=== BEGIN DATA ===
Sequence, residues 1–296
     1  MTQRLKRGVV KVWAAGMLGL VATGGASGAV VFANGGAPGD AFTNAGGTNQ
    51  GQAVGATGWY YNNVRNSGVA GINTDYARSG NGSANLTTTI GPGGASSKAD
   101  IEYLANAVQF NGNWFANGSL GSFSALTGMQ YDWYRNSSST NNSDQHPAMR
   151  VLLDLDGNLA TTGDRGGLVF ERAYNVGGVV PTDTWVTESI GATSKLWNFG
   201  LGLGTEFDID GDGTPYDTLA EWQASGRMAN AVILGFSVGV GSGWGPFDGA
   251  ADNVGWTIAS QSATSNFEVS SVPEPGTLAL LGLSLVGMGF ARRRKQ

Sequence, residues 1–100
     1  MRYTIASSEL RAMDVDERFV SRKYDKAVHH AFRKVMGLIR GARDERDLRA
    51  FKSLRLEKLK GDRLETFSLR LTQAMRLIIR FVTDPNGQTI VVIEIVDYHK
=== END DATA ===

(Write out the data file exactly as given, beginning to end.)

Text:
Sequence, residues 1–296
     1  MTQRLKRGVV KVWAAGMLGL VATGGASGAV VFANGGAPGD AFTNAGGTNQ
    51  GQAVGATGWY YNNVRNSGVA GINTDYARSG NGSANLTTTI GPGGASSKAD
   101  IEYLANAVQF NGNWFANGSL GSFSALTGMQ YDWYRNSSST NNSDQHPAMR
   151  VLLDLDGNLA TTGDRGGLVF ERAYNVGGVV PTDTWVTESI GATSKLWNFG
   201  LGLGTEFDID GDGTPYDTLA EWQASGRMAN AVILGFSVGV GSGWGPFDGA
   251  ADNVGWTIAS QSATSNFEVS SVPEPGTLAL LGLSLVGMGF ARRRKQ

Sequence, residues 1–100
     1  MRYTIASSEL RAMDVDERFV SRKYDKAVHH AFRKVMGLIR GARDERDLRA
    51  FKSLRLEKLK GDRLETFSLR LTQAMRLIIR FVTDPNGQTI VVIEIVDYHK